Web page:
Those responsible for OpenAI, the creator of ChatGPT, have called for the regulation of “superintelligent” artificial intelligence (AI) by creating a body equivalent to the International Atomic Energy Agency, which protects humanity from the risk of creating something that could accidentally destroy it.
OpenAI CEO Sam Altman and co-founders Ilya Sutzkever and Greg Brockman posted a brief note on the company’s website calling on the international regulator to begin developing criteria to “inspect systems, require audits, check compliance with security standards and impose restrictions on deployments.” and security levels’ to reduce the ‘existential risk’ these systems may pose.
“Within the next 10 years, it is conceivable that artificial intelligence systems in most fields will exceed the skill level of experts and develop as much productive activity as one of the largest corporations today,” they wrote in their note. “In terms of potential advantages and disadvantages, superintelligence will be more powerful than any other technology that humanity has had to deal with in the past. Our future may be much more prosperous, but to get there we need to manage risks. If the opportunity is an existential risk, we cannot limit ourselves to responding. ”
In the short term, the three signatories call for “some coordination” between companies at the forefront of AI research to ensure the development of increasingly powerful models is seamlessly integrated into society, while prioritizing safety. Coordination, they write, could be accomplished through a government-led project or collective agreement that limits the growth of AI capabilities.
Although researchers have warned of the potential risks of superintelligence for decades, those risks have become more concrete as the development of artificial intelligence accelerates. According to the Center for Artificial Intelligence Security (CAIS), which was created in the United States to “reduce societal risks from artificial intelligence,” AI development poses eight categories of “catastrophic” risk. ” and “existential”.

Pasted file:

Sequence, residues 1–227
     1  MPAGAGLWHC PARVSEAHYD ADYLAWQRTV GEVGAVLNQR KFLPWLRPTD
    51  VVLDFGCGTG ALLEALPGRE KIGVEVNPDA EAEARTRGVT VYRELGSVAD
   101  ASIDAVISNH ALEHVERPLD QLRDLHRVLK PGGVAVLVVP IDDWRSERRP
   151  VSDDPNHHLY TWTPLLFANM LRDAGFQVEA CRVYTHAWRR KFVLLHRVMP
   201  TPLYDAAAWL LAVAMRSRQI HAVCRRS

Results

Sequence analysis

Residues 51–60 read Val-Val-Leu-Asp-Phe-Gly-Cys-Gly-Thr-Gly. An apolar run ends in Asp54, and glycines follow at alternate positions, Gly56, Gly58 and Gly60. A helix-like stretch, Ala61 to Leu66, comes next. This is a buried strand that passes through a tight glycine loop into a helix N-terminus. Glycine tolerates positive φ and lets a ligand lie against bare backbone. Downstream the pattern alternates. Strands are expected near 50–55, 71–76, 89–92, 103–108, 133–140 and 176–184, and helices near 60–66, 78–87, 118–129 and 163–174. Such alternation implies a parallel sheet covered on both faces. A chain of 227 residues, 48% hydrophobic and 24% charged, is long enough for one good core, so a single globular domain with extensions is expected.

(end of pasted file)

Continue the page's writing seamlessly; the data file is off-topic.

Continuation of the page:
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Beyond the fear that some feel about the possibility of artificial intelligence so powerful that it completely destroys humanity, whether by accident or on purpose, CAIS addresses other, more pernicious harms. A world where artificial intelligence systems are tasked with increasing numbers of tasks could see humanity “lose self-governance and become completely dependent on machines,” a “weakening” process through which a small group controlling powerful systems can become “intelligent.” Centralized power’, produces a ‘monopoly of benefits’ between the rulers and the ruled in the eternal caste system.
According to those responsible for OpenAI, “people around the world must democratically decide what the limits and default values of AI systems are” to avoid these risks, although they admit that “it is not yet known how this mechanism will be developed. Still, they say it’s worth developing robust risk management systems.
“We believe it will lead to a much better world than we can imagine today (we’re already seeing the first examples in areas such as education, creative work, and personal productivity tools),” they write. They warn that stopping its development can also be dangerous. “Because the benefits are huge, the cost of building it is decreasing every year, the number of players developing it is growing rapidly, and it’s an integral part of our current technology path. Stopping it requires a global surveillance regime, and even that is not guaranteed. So we have to get it right.”
Source: El Diario